• Cavemen Conversations: Survival of the Wittiest – (4:17) Interviews with the three cavemen of “Night at the Museum: Battle of the Smithsonian” (and of course, all the cavemen do is grunt and make noises).
  • Museum Magic: Entering The World Of The Photograph – (5:39) The filming of the post-World War II (VJ Day in Times Square) scene recreating the scene of the Eisenstaedt photo.
  • Director 201: A Day in the Life of Director/Producer Shawn Levy – (19:17) The camera follows Director Shawn Levy on the set of “Night at the Museum: Battle of the Smithsonian” for a day.  Also, meeting the various crew members working closely with Shawn Levy.
  • Gangster Levy – (1:55) A B&W noir short featuring director Shawn Levy and his assistant director.  Recreating a gangster noir clip which would be used in the film.
  • FOX Movie Channel Presents Making a Scene – (9:35) Interview with the cast and crew and discussing the “No Go for Launch” scene.
  • FOX Movie Channel Presents: World Premiere – (5:28) Host  Tava Smiley in Washington D.C. at the Smithsonian for the world premiere of “Night at the Museum: Battle of the Smithsonian”.
  • TRAILERS – Trailers for upcoming Twentieth Century Fox films.

“Night at the Museum: Battle of the Smithsonian” was a film that was entertaining but similar to the first film, both films are not strong on plot but a film that features good use of CG, special effects and action.

If anything, the hijinks and craziness of the film is still intact and I really did enjoy the scenes featuring both Larry and Amelia.  But the film seems like a clutter of comedians and characters trying to get their time on the screen and director Shawn Levy tried to focus too much on these crazy antics of those characters than focus on the overlying storyline.

If anything, the film is your classic cat and mouse game with the evil pharaoh trying to catch Larry and Amelia for the tablet.  It’s a simple storyline that tries to include jokes and things that just come out of left field and just sputters downward.  Darth Vader and Sesame Street’s Oscar the Grouch in a scene together?  Or an octopus trying to hug and kiss Larry?   The humor of some of the jokes just didn’t fly well with me and felt some of the comedy was not funny at all.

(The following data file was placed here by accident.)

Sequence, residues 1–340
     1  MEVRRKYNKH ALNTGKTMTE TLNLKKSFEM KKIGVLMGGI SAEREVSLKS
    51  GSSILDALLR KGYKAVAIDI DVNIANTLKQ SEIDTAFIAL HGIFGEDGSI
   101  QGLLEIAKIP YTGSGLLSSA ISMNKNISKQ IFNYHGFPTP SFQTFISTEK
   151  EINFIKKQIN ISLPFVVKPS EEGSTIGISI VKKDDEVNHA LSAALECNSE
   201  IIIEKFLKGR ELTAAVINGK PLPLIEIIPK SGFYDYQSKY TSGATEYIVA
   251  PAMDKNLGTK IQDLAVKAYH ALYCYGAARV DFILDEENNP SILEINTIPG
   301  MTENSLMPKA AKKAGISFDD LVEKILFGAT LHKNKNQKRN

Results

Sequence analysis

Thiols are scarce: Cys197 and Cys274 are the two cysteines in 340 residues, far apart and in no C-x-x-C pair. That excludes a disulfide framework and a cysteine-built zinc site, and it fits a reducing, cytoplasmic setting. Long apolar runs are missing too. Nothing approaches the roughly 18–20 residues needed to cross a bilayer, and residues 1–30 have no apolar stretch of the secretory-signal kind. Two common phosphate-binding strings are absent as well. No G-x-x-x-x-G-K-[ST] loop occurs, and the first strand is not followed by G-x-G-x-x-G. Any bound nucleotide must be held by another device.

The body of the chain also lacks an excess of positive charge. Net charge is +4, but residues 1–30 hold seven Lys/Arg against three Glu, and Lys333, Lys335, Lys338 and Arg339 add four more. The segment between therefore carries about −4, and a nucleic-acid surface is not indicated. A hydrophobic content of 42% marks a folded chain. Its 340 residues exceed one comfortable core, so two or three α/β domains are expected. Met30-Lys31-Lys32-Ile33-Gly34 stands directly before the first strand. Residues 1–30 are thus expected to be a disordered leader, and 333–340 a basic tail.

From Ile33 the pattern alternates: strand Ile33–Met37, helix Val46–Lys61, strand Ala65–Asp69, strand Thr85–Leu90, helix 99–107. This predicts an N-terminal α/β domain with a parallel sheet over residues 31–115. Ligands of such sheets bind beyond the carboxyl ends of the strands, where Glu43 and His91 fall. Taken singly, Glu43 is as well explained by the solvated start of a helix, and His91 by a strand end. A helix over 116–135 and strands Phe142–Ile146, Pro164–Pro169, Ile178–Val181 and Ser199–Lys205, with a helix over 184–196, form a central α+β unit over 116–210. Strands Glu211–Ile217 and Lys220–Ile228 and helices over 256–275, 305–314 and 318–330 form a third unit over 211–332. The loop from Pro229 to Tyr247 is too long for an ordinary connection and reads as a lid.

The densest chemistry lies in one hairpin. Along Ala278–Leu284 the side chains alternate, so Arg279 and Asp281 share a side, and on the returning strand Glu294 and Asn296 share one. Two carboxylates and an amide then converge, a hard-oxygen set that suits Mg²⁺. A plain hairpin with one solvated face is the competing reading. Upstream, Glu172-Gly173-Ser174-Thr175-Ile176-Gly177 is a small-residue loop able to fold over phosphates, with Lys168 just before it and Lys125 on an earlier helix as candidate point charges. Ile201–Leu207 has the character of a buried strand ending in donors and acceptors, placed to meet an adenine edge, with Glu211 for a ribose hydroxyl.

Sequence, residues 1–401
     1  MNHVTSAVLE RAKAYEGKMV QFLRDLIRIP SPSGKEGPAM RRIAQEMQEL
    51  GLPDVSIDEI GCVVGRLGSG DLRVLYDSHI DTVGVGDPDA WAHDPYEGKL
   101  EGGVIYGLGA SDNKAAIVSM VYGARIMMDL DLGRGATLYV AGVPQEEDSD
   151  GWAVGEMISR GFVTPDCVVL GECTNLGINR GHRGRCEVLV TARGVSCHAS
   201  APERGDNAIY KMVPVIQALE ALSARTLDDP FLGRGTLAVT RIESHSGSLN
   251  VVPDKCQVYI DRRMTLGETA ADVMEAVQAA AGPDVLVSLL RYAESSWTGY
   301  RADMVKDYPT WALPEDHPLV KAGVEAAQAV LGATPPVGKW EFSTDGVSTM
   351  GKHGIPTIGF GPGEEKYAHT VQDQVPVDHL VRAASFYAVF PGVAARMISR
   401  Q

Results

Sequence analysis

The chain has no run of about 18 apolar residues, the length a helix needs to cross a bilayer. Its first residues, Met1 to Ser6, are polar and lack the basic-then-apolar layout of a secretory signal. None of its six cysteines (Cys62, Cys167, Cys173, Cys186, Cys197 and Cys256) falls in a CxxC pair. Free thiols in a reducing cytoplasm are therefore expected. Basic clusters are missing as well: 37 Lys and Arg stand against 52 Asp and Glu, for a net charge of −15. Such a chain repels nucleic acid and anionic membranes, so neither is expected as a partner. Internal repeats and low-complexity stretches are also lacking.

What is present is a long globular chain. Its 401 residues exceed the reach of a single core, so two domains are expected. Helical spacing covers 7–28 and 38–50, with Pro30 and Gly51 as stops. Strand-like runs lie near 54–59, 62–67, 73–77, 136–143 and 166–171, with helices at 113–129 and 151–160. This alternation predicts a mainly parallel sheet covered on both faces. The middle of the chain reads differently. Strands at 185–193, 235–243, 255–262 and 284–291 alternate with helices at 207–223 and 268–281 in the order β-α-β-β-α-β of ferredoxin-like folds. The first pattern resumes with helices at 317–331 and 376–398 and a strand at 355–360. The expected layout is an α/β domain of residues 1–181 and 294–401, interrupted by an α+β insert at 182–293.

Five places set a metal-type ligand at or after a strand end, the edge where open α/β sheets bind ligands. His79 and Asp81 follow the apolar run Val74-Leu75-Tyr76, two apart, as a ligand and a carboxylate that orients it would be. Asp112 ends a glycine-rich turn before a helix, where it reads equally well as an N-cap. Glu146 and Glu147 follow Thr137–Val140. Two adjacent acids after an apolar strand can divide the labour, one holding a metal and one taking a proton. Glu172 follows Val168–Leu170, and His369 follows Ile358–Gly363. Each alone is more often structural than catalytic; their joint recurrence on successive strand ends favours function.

Granted, it was nice to see some of “The Office” (USA and UK) cast in the film, Hank Azaria showcasing his voice talent for the character of the Pharaoh and giving the character a comical spin and although short,  the improv scene with Stiller and Jonah Hill was fun.   I do admit that I felt my attention of the film was more for Amy Adam’s Amelia Earhart character.  Adam’s is a talented actress and seeing her act on screen was definitely one of the highlights of the film.

And as for Ben Stiller, although he was in the film, I felt that his character was downgraded and most of the focus was on the surroundings rather than his character.  And I suppose it depends what one expects from this film.  Those wanting more props, special effects, gags and action…then this film is for you.

Of course, “Night at the Museum: Battle of the Smithsonian”, like its predecessor,  is looked at as a family film.  A film where kids can be entranced by the surroundings of the museum and almost be taken to a fantasy world.  Seeing how my son enjoyed both films tremendously, I suppose the formula works especially since the film has achieved tremendous box office success worldwide.

But in the end, I felt the film was mediocre at best but as a Blu-ray release was quite solid when it came to picture quality and definitely for the inclusion of so many special features.  And for children who loved the film,  the fact that the Blu-ray release  comes with the Blu-ray disc, a DVD and a digital copy of the film is pretty awesome.

Overall, “Night at the Museum: Battle of the Smithsonian” may not be a great film but it does make for a good popcorn flick with awesome production and also has plenty of fun moments.  But as long as you are not looking for a serious plot or anything deep, then you’ll definitely be entertained.  As for the Blu-ray release, it’s a pretty solid release with 3-discs, awesome picture quality and a lot of special features.  So, I have no doubt in my mind that fans of the film will definitely enjoy this release.

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  • I really liked the sequel this time because they added to
    newcomers that really spiced things up, my favorite Amy Adams and the very
    funny (sounding) Hank Azaria.  He played
    3 characters in the movie, which he did so well I didn’t even notice:  Kahmunra, the Thinker and Abraham
    Lincoln.  What a genius.  I thought about buying this on Blu-ray but
    then my kids recorded it in HD on my DISH Network employee DVR so I figured why
    bother.  Now we can watch it anywhere we
    want because I got a free Sling adapter after rebate from DISH which comes in
    handy when I’m killing time like today waiting for my son to finish at the
    doctor’s office.